Spycar, could you outline which parts of the getting started guide you would change and how you'd change it? I've come to respect so much of what you've written during the time I've been here. Plus, your dog...Oooooo la-la! Sheer stealth and sheen. I was just now going through it...haven't finished it all yet. But I am doing some real no no's. For instance, the universal advice to give big pieces of things. I give my dogs pieces of chicken bones and they're small! I've been feeding an approximately balanced meal each meal as you suggested, which has helped them become more regular in their bm's. When I was feeding bones every other day, they'd be constipated that day and too loose the next. But with this way, they're only getting 10% of their meal in bone, of course, which means it's teeeeeeeensy. Like a half of the largest joint of a wing or a toe or two from a duck foot. We're talkin' 4 lb Poodle, 7 lb Poodle and 10 lb Chi mix. If I feed more than that, they'll get impacted. They do seem to chomp on it quite a few times. Matisse, my 7 lb Poodle, perhaps not as much as Maurice, the wee one. So it is a little unnerving. I wonder if I should go back and try the every few days thing. Maybe it was for another reason they were getting loose...like too new at this?
The other thing I didn't do is wait so long for liver and even other meats...I was in a hurry to get that variety in them. I think I started out with just chicken but in a week or less, I moved onto something else for a few days, then onto something else. And the next thing I knew I wasn't paying any attention to that and just fed them all kinds of stuff. Luckily, they had no sensitivities or allergies to anything. I'm not even convinced this is necessary actually because commercial food that they had been eating was varied also. There were all kinds of formulas in the dry and canned foods. I fed kibble, canned, frozen raw sometimes, dehydrated raw from Stellas sometimes. I just switched them every day when they were on canned, which they were most of the time with some kibble also. I chose the "premium" foods and apparently they have lots of different meats. So they were use to eating chicken, lamb, venison, beef, buffalo, duck and more. Maybe they just got use to sampling something different pretty much every day.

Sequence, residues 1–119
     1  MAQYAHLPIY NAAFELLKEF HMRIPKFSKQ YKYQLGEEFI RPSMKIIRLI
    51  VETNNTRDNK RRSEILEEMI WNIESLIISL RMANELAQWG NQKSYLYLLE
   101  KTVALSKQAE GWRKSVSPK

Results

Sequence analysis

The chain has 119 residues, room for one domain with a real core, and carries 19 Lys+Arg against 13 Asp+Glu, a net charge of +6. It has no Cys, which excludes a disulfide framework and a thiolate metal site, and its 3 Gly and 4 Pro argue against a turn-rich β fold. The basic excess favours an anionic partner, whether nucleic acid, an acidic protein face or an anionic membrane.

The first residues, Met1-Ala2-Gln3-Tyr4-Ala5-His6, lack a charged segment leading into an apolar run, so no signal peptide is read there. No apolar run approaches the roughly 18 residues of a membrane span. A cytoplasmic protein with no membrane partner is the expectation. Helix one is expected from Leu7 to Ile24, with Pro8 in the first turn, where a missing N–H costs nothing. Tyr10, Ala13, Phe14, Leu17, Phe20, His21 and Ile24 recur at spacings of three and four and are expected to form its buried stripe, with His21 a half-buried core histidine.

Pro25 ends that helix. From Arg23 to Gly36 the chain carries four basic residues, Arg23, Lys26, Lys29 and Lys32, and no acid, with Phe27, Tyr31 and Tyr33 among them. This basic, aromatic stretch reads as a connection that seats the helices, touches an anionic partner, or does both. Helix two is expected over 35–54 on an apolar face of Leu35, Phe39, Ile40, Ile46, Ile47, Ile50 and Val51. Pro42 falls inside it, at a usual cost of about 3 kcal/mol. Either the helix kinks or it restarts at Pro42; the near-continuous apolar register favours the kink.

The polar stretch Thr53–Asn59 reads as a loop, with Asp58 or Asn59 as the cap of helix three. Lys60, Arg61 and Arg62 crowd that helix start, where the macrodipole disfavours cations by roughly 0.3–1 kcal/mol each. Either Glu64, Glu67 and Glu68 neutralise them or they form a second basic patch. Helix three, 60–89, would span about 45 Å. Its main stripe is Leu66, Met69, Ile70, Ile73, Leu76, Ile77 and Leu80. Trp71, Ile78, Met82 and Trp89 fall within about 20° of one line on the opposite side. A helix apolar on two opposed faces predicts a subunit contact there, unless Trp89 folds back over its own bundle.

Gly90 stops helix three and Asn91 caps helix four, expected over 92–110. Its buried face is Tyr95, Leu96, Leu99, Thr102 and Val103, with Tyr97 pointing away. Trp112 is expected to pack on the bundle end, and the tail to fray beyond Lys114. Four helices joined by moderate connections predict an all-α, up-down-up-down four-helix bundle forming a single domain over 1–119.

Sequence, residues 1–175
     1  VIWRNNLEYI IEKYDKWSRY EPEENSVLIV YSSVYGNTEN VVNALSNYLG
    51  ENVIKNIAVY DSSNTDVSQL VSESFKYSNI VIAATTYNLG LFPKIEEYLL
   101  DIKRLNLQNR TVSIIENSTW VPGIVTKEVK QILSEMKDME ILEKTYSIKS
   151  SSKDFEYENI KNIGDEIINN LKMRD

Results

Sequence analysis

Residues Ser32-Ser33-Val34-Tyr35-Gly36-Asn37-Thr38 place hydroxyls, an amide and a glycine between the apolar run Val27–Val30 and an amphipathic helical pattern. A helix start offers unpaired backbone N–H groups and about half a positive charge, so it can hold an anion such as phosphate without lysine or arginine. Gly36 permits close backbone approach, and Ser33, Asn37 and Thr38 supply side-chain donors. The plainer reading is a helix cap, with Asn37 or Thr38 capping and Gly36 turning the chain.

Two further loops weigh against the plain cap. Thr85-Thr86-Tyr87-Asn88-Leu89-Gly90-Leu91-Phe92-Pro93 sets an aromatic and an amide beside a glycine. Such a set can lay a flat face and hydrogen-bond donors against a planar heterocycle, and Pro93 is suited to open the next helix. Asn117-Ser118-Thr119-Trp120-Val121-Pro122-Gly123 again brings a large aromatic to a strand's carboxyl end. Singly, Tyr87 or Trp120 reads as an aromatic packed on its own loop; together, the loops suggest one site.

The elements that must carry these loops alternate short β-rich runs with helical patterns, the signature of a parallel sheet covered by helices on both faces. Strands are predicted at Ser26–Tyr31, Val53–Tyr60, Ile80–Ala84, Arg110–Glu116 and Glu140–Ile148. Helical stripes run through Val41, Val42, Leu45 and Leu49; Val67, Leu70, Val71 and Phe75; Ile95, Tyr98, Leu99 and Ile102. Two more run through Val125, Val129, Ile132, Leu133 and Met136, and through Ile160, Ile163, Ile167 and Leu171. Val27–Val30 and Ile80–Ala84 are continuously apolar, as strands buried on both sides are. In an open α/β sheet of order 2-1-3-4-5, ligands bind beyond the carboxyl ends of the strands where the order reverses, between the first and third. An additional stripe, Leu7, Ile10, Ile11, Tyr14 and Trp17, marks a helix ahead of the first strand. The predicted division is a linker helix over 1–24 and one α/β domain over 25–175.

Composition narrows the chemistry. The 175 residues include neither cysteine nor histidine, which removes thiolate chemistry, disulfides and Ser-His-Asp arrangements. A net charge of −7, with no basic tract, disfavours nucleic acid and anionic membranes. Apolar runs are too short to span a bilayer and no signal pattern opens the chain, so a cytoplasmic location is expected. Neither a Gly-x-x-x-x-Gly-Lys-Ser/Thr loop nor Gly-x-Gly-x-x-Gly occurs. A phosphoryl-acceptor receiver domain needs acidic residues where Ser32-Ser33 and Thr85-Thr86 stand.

Anyhow, I was wondering what types of concepts or advice in that guide you see differently. What would you or anyone reading this change?
Ashley, as far as freezing, I had always understood that meat should be frozen for two weeks to kill most parasites. But Pacific northwest fish has a parasite that is not killed by freezing, only by cooking. So, I don't feed that. I feed Icelandic sardines. Anyhow, maybe I misunderstood and it is not important IF the parasites only reside in the intestines. BUT...what if they escape the intestines and work their way into the heart muscle or lungs? Or during butchering, someone handles the disgusting parts and then cross contamination occurs and a couple icky parasites wind up on something else? I feed hearts and gizzards. And lung for an organ meat. Anyhow, maybe I'm wrong about the necessity of freezing first...which is good because I have, a couple of times forgotten to freeze and just fed when I brought something home. So far, so good. lol. Also, I often times find that although I take the meat from the freezer the evening before and put it in the fridge, it is not always completely thawed. I give it to them anyway. It works out fine. I'd be hesitant myself, to feed a frozen bone because maybe it could break a tooth if it's too hard. I feed chunks of meat and a piece of bone and a little organ each afternoon around 4:30. Then take out of the freezer what's for the next evening/late afternoon meal.